sidered her a devoted mother. 27 

Washington County records verify those of 
Hardin County in regard to this family migration. 
Thomas Lincoln’s name does not appear on the 
Washington County commissioner’s tax book for 
the year 1803, but there is a note inserted under 
his name, on a delinquent list, which states that 
he has “gone to Hardin.” 28 The Hardin County 
tax list of 1803 contains his name. During this 

27 “Bathsheba Lincoln lived through strange adventures. 
She spent her youth and early married life in Virginia, and 
we know that in the latter part of her residence there she was 
not in good health. She endured the hard journey over the 
Wilderness Road and the perils and privations of life in a 
new country. She wept above the body of her murdered 
husband, and was destined thereafter to waken in the night 
and shudder lest some unwonted noise should indicate the 
approach of savages. She brought up her five children amid 
serious difficulties. She lived to see them all married and 
scattered and herself to be a great-grandmother.” Barton, 
William E.: The Lineage of Lincoln. The Bobbs-Merrill Co., 
Copyright 1929. Page 74. Used by special permission of the 

Barton in his book The Women Lincoln Loved , devoted a 
chapter to the discussion of Bathsheba Lincoln. Pages 51-59. 

28 Insolvent List, Baalom Jones District 1803, Washington 
County Court, Springfield, Kentucky. Warren, Louis A.: 
Lincolns Parentage and Childhood , page 47. 



year, he is for the first time taxed for a tract of 
land, consisting of 200 (238) acres on Mill 
Creek. 29 Thomas Lincoln purchased his Mill 
Creek farm on September 2, 1803. 30 The pur¬ 
chase price amounted to one hundred and eight¬ 
een English pounds, or a sum now equivalent to 
$574.07. 31 The consideration was in “hand paid.” 
Due to some unaccountable reason, Thomas Lin¬ 
coln did not receive the deed of possession from 
Dr. John F. Stater, the owner of the property, 
until November 26, 1803. 32 It is believed, how¬ 
ever, that he occupied the land previous to the 
actual transfer. 33 The Mill Creek deed from 
Stater to Lincoln is recorded as follows: 


This indenture made this 2nd day of September one 
thousand eight hundred and three, between Dr. John F. 

29 Tax Book, 1803, Hardin County Section, Kentucky His¬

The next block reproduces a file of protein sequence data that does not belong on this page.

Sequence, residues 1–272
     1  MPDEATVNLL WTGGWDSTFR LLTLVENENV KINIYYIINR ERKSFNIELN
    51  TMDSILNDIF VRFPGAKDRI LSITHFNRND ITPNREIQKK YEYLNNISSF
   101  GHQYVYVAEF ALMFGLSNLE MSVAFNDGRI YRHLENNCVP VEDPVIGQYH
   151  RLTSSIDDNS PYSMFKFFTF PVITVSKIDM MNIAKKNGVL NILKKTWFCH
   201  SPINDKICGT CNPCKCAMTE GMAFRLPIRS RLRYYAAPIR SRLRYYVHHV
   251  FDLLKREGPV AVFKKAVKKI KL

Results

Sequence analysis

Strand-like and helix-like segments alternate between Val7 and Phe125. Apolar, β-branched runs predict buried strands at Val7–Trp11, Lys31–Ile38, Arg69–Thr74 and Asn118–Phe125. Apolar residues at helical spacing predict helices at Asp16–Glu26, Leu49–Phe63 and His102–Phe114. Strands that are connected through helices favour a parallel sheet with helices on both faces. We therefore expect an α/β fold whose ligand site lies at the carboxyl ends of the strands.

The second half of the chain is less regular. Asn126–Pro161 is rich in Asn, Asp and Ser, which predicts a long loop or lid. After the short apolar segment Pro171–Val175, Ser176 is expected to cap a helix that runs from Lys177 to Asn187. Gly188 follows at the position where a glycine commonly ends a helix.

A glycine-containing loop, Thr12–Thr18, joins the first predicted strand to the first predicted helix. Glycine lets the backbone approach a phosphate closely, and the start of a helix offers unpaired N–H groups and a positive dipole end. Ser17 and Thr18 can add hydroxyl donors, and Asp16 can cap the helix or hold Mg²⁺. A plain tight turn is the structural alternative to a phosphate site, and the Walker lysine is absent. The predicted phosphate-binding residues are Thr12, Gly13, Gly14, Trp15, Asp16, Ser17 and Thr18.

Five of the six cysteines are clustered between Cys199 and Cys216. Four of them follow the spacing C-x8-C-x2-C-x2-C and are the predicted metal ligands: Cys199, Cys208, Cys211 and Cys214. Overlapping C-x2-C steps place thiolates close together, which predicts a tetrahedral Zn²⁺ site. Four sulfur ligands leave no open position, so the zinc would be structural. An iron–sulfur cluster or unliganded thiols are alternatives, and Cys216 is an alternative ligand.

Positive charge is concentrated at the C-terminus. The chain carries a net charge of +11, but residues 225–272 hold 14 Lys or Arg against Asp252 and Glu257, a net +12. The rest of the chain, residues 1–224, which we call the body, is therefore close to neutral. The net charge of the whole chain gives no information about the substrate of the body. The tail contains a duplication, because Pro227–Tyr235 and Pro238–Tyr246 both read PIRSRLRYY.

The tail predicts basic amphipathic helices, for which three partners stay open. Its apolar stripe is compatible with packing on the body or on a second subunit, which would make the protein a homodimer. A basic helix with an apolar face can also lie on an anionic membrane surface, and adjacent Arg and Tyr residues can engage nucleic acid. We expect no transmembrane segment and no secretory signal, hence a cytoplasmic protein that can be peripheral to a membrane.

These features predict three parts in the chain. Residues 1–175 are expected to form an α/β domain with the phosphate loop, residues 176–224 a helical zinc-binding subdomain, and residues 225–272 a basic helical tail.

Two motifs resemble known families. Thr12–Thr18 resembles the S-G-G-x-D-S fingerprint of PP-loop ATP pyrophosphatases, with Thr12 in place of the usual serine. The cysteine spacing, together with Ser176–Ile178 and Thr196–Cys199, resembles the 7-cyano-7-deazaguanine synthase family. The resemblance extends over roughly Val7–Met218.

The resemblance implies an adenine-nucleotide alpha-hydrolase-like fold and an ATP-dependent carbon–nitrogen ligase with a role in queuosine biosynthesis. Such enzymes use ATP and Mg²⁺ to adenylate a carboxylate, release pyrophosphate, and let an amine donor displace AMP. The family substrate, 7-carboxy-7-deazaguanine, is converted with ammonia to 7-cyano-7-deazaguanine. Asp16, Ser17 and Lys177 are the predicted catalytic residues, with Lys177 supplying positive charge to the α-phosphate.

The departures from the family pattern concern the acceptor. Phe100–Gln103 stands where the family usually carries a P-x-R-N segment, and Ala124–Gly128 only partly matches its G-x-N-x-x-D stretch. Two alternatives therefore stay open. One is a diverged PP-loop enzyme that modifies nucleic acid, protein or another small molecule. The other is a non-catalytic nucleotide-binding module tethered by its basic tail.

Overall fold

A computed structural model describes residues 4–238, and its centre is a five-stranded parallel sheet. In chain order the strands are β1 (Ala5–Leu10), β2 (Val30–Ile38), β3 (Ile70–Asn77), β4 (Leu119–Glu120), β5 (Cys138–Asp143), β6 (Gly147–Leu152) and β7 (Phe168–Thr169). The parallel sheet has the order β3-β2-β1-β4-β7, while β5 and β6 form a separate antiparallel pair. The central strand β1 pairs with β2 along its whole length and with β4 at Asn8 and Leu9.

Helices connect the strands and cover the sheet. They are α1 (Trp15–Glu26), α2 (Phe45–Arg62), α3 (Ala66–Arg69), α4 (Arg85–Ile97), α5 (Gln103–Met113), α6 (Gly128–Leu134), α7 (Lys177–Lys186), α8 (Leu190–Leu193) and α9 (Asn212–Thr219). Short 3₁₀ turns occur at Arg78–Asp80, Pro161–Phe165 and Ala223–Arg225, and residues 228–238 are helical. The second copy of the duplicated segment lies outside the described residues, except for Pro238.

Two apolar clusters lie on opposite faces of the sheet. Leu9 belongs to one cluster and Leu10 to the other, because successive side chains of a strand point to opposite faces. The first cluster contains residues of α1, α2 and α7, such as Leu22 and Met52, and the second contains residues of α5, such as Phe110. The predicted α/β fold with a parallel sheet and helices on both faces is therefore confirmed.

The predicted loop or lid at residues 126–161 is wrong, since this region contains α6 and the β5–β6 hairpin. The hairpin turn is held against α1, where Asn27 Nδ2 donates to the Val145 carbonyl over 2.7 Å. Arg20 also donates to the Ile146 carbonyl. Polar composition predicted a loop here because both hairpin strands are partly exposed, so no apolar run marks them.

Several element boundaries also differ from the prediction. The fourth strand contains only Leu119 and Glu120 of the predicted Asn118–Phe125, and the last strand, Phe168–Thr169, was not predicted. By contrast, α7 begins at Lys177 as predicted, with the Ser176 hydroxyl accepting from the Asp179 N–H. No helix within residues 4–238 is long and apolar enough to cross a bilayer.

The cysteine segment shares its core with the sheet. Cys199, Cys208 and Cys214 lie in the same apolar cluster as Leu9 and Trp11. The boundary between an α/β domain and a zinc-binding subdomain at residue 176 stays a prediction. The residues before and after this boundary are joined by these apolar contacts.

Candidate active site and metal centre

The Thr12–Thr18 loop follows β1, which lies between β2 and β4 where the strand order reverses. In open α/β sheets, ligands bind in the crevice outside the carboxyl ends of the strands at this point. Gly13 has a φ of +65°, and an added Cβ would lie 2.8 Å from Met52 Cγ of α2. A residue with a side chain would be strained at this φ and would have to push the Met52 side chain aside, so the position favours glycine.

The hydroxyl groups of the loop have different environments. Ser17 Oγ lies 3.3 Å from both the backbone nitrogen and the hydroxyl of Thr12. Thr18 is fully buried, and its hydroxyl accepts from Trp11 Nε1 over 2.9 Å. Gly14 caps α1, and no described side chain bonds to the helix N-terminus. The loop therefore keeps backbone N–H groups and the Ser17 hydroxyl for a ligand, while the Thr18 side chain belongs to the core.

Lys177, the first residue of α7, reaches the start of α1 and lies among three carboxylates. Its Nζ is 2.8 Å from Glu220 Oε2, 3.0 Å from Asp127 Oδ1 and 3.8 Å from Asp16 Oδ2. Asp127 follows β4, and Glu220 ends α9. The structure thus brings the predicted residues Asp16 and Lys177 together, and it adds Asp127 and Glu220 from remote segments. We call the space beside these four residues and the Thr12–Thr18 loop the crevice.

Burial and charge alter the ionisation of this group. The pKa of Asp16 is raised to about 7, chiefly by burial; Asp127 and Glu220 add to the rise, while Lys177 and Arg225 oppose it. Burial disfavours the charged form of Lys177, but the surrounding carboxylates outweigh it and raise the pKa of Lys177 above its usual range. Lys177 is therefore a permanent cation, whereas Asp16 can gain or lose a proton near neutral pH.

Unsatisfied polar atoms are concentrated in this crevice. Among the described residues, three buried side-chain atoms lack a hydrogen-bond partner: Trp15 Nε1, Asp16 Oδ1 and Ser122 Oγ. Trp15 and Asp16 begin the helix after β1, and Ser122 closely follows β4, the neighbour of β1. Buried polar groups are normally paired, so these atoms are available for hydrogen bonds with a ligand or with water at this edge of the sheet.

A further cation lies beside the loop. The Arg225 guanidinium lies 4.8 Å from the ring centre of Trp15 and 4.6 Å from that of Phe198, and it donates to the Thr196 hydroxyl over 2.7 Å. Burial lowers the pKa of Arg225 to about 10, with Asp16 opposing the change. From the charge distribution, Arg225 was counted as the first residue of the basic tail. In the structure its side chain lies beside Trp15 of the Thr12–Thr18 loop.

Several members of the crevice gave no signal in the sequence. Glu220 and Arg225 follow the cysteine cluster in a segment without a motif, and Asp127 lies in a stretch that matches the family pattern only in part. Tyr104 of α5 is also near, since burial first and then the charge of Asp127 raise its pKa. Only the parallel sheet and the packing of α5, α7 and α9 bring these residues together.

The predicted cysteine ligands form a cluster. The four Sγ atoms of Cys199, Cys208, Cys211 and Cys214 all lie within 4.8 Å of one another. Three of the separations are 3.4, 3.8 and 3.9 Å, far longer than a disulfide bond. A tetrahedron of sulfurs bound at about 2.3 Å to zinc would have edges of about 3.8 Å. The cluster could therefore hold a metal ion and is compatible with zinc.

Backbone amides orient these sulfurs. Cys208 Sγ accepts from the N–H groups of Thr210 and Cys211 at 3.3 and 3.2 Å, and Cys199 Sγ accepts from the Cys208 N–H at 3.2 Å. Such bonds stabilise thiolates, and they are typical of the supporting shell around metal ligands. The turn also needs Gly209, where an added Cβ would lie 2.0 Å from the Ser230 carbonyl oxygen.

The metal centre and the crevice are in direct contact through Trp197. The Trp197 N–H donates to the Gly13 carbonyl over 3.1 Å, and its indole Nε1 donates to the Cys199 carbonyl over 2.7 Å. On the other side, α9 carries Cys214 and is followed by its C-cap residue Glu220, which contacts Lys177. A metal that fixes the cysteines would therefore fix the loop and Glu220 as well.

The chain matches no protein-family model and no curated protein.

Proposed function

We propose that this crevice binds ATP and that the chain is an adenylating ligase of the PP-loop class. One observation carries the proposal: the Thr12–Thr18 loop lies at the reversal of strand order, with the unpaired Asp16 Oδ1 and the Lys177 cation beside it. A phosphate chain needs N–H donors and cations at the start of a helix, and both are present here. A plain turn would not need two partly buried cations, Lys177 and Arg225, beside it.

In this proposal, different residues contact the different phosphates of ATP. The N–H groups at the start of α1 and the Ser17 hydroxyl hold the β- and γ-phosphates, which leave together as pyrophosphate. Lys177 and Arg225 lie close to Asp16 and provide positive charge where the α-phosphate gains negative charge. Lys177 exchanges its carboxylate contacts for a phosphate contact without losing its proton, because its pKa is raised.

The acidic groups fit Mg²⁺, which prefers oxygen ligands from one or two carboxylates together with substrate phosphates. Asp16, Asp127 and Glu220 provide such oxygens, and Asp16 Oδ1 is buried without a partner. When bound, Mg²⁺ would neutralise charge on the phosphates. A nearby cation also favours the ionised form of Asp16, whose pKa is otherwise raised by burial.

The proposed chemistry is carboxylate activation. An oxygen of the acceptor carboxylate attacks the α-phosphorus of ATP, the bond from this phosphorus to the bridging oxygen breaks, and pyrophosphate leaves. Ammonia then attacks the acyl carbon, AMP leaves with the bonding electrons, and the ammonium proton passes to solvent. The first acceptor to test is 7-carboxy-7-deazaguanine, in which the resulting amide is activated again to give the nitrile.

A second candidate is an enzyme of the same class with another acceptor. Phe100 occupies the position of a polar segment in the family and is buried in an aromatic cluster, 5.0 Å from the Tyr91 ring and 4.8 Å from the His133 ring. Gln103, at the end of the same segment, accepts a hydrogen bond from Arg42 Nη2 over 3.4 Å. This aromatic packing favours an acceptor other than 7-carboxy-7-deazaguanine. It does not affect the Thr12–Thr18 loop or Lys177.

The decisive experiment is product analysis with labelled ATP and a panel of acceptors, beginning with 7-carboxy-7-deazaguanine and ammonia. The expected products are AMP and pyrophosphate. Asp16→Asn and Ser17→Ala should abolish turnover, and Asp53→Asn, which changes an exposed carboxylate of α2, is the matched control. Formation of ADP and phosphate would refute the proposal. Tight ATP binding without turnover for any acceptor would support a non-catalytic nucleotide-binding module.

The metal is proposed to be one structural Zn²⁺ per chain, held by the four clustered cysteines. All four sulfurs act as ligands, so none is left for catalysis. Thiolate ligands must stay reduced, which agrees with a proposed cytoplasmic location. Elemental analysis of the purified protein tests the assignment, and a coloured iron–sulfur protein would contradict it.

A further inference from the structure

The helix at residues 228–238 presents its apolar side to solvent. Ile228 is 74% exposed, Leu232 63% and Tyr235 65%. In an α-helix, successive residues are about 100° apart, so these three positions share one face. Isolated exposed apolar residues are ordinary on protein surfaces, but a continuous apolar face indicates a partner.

torical Society, Frankfort, Kentucky. McMurtry, R. Gerald: 
A Series of Monographs Concerning the Lincolns and Hardin 
County , Kentucky. The Enterprise Press. Page 11. 

30 Deed Book B. 253 (Stater to Lincoln) Hardin County 
Court, Elizabethtown, Kentucky. 

31 Lincoln Lore , “Thomas Lincoln Chronology,” No. 44, 
February 10, 1930. 

32 Deed Book B. 253 (Stater to Lincoln-Marginal Note) 
Hardin County Court, Elizabethtown, Kentucky. 

33 Warren, Louis A.: “Mill Creek Home.” Unpublished 
manuscript. Files of Lincoln National Life Foundation, Fort 
Wayne, Indiana. 


= Ourvtvj 

AHists drawing 0* Th°mds Lincoln’* 

Homeon Mill 
C rccK. 

Dogwood, Whi+e OdK and 
(Jam Corner to Thomas 
WiHidm's Original Line 


^ v 

WKife Oak 
5 kep herd’s 

Curved. \ 



. X 4 


^o/g e 
\ C >T 

O 3 




**\ 238 Acre^ 

Black OaK Comer 
Original Survey. 

\ White Oak i 

> arvci £ 

Hickorg = 

iS 3 (° W 22 poles: 

''3/ Hickoru Corner ; 

* to Robert = 

Huston's .Survey = 












^ PlmiL©^ 

T8^®bbiois L/niia©®lMj5 
LMliBU C'^axcM. IFciipm- - 




Huston's Corner 

Dr a wn bj - S/ialburnaSbampar — '39 - 


Stater of Green County and State of Kentucky, of the 
one part and Thomas Lincoln of Hardin County, state 
aforesaid of the other part Witnesseth: That for and in 
consideration of the sum of one hundred and eighteen 
pounds in hand paid, the receipt of which before signing 
and sealing of these presents, he the said Dr. John F. 
Stater doth hereby acknowledge having bargained and 
sold and by these presents doth grant, bargain and sell 
unto the said Thomas Lincoln a certain tract or parcel 
of land containing two hundred and thirty-eight acres, 
part of the 1600 acre survey patented to William May, 
bought by said Stater of Joseph Fenwick and bounded 
as follows: to wit; Beginning at a hickory corner to 
Robert Huston survey, part of said 1600 acre survey, 
thence South thirty degrees west one hundred and 
eighty-three poles to a stake corner to Huston, thence 
North forty five degrees West one hundred and fifty-five 
poles to a black oak corner to the original survey North 
twenty four degrees West one hundred and forty poles 
to a white oak in Shepherds line corner to the original, 
thence North thirty one degrees West fifty poles to a dog¬ 
wood white oak and gum corner to Thomas Williams in 
the original line, thence with Williams line South sixty 
seven East two hundred and fifty poles to a white oak 
and hickory South 31 degrees West twenty poles to the 
beginning. . . . 

To have and to hold the above mentioned two hun¬ 
dred and thirty eight acres of land with all its appur¬ 
tenances barns, stable, ways, houses, water and con¬ 
veniences, to the above mentioned Thomas Lincoln his 
heirs executors and administrators forever against him, 
the said Dr. John F. Stater, his heirs executors or ad- 



ministrators forever, and he the said Dr. John F. Stater 
as well for his heirs as for himself doth further covenant 
and agree to and with the said Thomas Lincoln and his 
heirs that he will warrant and forever defend the above